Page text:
Northside amputee to play college football, follow Paralympic dreams

alopez@macon.comApril 23, 2014 

WARNER ROBINS -- In a wrestling accident his freshman year of high school, JaQue Billingsley dislocated his knee. Complications from the injury led to the amputation of part of his right leg.

One of his football coaches, Chad Alligood, visited him at the hospital. Billingsley had just started rehabilitation exercises and was feeling discouraged.

“I kind of had a heart to heart with JaQue and told him to get up and move,” Alligood said. “You can’t change the situation, so you might as well make the best of it.”

Billingsley responded to the challenge, Alligood said. He underwent surgery to repair his knee and learned to work with a prosthesis. This past season he started on the defensive line for the Northside High School varsity football team.

“I don’t really see it as a tragedy,” Billingsley said, referring to the amputation. “There’s nothing I can do but move forward from it and try to be an inspiration to people and try to do bigger things.”

Now finishing up his senior year, he is committed to playing football at the college level and is working toward one day representing the U.S. in the Paralympic Games in track and field or weight lifting.

Billingsley takes pride in his upper body strength.

“When I was in the hospital, I used to walk around with the walker and do dips,” he said.

This year, he broke the football team record for most weight lifted using the bench press technique by clearing about 400 pounds.

Alligood, the offensive coordinator, said coaches treated Billingsley like any other player, but he inspired the team through his work ethic.

“We’d have to block him during practice, and offensive linemen couldn’t move him,” Alligood said. “He’s strong as an ox.”

The Eagles were ranked as high as fifth in the state with Billingsley on the defensive line and earned a 9-2 record on the season.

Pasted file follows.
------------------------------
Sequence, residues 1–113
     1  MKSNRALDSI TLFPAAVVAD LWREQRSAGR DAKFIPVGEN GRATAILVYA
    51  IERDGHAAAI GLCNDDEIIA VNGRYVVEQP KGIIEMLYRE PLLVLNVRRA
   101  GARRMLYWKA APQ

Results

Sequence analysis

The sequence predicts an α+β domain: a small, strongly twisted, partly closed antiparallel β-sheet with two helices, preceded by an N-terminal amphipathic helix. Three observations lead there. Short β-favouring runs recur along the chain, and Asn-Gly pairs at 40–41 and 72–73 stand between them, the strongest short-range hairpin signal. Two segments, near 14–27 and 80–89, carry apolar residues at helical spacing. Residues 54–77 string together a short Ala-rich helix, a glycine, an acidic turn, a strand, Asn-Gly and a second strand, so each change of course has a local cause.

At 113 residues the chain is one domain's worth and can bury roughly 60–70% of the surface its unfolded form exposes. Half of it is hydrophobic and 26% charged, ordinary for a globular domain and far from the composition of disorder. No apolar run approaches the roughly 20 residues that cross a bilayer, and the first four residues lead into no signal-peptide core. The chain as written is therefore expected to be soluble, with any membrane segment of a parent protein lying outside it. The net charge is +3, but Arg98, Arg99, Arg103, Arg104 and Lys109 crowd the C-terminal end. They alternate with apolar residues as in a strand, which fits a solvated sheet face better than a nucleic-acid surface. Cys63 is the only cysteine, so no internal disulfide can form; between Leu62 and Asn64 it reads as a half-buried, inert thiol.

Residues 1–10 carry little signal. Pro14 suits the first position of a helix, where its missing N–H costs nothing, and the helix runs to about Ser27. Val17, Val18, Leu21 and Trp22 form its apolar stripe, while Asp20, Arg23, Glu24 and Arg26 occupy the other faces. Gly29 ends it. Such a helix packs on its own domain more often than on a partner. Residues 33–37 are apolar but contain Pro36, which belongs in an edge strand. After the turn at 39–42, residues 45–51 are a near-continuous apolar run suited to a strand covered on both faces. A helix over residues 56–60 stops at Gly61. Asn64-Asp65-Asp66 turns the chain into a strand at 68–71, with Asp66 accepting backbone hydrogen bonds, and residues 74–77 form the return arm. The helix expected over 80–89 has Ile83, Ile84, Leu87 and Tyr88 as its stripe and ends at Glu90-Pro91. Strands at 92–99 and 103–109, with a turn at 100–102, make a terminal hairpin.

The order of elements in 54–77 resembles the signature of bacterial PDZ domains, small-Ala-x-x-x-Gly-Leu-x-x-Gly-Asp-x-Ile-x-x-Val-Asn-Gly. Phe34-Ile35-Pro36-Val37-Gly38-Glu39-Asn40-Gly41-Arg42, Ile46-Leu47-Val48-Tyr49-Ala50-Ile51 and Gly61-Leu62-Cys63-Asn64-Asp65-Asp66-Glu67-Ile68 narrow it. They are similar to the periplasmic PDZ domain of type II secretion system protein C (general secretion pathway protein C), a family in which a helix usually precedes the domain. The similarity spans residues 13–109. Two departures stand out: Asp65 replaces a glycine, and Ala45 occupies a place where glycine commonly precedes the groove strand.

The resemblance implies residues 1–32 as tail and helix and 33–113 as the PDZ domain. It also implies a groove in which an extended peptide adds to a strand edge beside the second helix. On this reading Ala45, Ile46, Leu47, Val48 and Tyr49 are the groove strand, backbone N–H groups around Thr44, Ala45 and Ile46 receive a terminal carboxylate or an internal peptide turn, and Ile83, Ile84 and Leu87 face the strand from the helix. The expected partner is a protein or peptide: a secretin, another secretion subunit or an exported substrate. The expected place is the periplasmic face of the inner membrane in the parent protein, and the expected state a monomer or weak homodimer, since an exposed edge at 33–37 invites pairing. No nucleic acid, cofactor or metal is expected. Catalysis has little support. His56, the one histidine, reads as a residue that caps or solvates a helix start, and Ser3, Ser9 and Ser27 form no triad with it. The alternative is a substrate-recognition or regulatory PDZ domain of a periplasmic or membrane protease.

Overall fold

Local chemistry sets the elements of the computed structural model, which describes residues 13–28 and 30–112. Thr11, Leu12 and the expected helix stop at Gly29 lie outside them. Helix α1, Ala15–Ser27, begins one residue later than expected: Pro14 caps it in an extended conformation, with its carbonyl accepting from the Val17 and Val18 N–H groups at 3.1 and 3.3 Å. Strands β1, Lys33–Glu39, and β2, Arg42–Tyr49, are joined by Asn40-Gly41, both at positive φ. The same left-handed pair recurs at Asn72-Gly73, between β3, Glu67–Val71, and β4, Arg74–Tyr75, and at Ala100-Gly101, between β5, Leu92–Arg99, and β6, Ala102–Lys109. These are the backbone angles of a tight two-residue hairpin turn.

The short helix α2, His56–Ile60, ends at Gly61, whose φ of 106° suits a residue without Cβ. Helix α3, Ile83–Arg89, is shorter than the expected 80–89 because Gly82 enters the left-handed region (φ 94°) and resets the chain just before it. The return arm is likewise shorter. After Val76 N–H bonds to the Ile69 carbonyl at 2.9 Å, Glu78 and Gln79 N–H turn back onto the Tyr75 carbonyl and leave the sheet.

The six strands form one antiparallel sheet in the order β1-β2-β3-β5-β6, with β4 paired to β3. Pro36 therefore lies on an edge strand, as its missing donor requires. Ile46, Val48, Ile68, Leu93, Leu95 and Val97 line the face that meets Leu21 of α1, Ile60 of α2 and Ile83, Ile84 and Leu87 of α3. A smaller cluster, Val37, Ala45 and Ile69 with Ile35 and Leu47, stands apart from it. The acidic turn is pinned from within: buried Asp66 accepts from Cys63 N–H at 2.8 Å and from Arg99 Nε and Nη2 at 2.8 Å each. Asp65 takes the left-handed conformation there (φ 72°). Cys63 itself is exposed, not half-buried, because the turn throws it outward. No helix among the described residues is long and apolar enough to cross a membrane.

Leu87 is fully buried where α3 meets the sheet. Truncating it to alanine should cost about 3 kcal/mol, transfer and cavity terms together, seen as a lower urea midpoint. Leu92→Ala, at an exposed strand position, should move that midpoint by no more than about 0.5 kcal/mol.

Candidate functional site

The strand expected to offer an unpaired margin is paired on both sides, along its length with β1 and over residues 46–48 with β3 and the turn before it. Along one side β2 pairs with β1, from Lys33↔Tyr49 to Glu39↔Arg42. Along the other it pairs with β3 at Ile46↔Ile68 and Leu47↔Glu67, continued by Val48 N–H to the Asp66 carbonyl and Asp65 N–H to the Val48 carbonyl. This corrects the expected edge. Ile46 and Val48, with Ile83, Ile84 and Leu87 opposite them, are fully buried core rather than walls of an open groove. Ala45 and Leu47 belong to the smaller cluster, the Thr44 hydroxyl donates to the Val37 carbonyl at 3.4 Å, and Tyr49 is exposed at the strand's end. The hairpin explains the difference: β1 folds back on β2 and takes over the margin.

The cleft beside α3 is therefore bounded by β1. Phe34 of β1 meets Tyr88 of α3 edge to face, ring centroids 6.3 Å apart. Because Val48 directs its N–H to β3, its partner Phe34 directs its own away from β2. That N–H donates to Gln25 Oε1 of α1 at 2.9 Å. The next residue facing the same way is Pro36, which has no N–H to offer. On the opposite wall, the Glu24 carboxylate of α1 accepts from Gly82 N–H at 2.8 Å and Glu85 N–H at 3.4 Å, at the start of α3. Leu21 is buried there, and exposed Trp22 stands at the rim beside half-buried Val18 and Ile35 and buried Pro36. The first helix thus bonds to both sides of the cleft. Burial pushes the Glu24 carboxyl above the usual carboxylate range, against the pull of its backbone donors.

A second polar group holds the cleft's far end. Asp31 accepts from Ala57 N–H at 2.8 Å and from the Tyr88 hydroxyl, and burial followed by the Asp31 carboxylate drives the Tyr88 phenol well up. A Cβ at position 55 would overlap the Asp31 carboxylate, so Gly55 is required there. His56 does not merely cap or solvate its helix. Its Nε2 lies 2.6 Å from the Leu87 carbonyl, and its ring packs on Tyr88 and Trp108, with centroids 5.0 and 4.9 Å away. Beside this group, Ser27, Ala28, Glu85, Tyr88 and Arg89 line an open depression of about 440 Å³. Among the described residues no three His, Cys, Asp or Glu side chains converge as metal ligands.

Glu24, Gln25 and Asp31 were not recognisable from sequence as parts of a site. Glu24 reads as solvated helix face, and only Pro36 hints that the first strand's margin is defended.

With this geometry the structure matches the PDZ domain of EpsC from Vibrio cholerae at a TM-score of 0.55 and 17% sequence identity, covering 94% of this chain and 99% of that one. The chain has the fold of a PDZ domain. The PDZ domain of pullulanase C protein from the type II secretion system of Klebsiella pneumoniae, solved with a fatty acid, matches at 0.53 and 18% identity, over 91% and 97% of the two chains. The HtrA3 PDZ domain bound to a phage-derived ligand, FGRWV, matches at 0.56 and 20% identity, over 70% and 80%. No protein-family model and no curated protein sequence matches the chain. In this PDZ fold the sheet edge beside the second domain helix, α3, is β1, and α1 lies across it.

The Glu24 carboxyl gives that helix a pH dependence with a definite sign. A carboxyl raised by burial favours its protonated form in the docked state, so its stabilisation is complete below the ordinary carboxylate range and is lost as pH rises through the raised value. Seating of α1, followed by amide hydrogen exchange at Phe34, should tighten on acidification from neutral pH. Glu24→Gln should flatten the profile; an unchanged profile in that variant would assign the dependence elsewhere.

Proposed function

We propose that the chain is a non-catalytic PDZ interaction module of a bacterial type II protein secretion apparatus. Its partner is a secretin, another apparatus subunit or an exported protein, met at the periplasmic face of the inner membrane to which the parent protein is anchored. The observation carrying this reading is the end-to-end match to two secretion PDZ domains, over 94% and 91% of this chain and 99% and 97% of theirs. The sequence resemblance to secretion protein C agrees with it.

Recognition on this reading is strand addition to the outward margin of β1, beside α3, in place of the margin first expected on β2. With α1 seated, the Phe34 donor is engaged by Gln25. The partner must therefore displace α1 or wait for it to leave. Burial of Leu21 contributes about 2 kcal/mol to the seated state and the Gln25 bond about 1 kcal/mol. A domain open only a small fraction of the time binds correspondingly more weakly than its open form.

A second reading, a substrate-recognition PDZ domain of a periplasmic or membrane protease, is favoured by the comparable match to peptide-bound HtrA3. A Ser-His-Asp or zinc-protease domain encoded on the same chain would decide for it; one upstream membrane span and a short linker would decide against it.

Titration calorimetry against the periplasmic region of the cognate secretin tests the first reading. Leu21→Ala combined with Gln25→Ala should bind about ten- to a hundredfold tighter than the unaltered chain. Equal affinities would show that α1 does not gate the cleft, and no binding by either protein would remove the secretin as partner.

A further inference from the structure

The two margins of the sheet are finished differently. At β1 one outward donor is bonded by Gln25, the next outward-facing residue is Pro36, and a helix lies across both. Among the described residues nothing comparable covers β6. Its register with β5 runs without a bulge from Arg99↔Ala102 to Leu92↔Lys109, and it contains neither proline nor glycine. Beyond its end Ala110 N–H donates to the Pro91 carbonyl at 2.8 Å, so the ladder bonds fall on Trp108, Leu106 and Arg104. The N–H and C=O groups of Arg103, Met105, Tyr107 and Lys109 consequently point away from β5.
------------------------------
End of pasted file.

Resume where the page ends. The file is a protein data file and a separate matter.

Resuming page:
As an important part of a winning Middle Georgia football team, he attracted the attention of Pasadena City College in California.

“We are fired up at having a shot of him being a part of our program,” said Fred Fimbres, head football coach. “I hold Georgia football in high esteem. If he played against Warner Robins High and Houston County High and Peach County High, he can play.”

A leader among sharks

Last month, Billingsley led all scorers with 16 points in the wheelchair basketball state championships, and the Houston County Sharks repeated as champions.

On Saturday, he’ll play again as a Houston County Shark for the wheelchair football state championship, which the county won last year as well. Billingsley will play receiver, where he has caught multiple touchdowns this season.

On defense, his coach wants him to be disruptive and intercept passes. “He sits really tall, and he can read the floor,” Brenda Arnett said.

Billingsley took his experience on the Northside football team and helped to re-create that team atmosphere for his physically impaired peers on the Sharks. There are students who had never participated in team sports before joining the county wheelchair sports program, Arnett said.

“He helped kids realize how special it is to be on a team,” she said. “He has that smile that makes you smile back.”

Billingsley also brought confidence and skill to the three county wheelchair teams. Arnett said she’ll have to work especially hard to fill his shoes as the goalie of the handball team. He helped that team repeat as state champions, too.

One of his goals now is to make the U.S. Paralympics team. Last summer, Billingsley traveled to San Antonio for the U.S. Paralympics Track and Field National Championship. He competed in the discus event against gold medal winner and world-record holder Jeremy Campbell. Billingsley said he was nervous and threw for about 30 meters to Campbell’s 60 meters.

He has a lot of work to do to compete at Campbell’s level, he said, but he is committed to continuing to train hard.

“I work hard for what I get,” he said.

To contact writer Andres David Lopez, call 256-9751.

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